You hear a lot about shark attacks, but sharks kill only about six people per year in unprovoked attacks. Meanwhile, someone dies from snakebite every four minutes. Up to 5.4 million people are bitten by snakes each year.
To combat this huge and largely unrecognized problem, a coalition of global health and tropical medicine organizations proclaimed Sept. 19 International Snakebite Awareness Day. To mark the day, and spread word about snakebite, my colleague Megan Rowe and I hosted a Facebook Live session with UVA’s Jay Fox, PhD, who is president of one of the day’s sponsoring organizations, the International Society on Toxinology. We were joined by Dr. Nathan Charlton, MD, of the Blue Ridge Poison Center. Our guests shared a lot of great information about snakes, snakebite and how to protect yourself. They also debunk some myths you may well believe. (For example, it’s a myth that you should try to suck the poison out of a snakebite.) Check it out!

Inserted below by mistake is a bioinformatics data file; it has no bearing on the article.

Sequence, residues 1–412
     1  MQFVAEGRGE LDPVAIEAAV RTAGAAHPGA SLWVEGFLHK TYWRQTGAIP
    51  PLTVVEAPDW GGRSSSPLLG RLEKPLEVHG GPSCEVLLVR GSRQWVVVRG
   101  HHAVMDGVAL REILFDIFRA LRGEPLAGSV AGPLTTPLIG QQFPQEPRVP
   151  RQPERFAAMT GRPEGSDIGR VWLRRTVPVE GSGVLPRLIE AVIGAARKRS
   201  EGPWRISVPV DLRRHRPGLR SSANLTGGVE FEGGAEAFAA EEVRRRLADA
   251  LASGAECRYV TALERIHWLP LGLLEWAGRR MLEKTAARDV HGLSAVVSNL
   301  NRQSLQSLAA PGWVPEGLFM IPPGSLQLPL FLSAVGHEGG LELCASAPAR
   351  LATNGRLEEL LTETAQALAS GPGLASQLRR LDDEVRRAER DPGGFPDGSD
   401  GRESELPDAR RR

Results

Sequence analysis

The most important thing you can do if bitten by a venomous snake? Try to keep the bite site immobile and seek medical help immediately. Want more info? Visit Minutes to Die.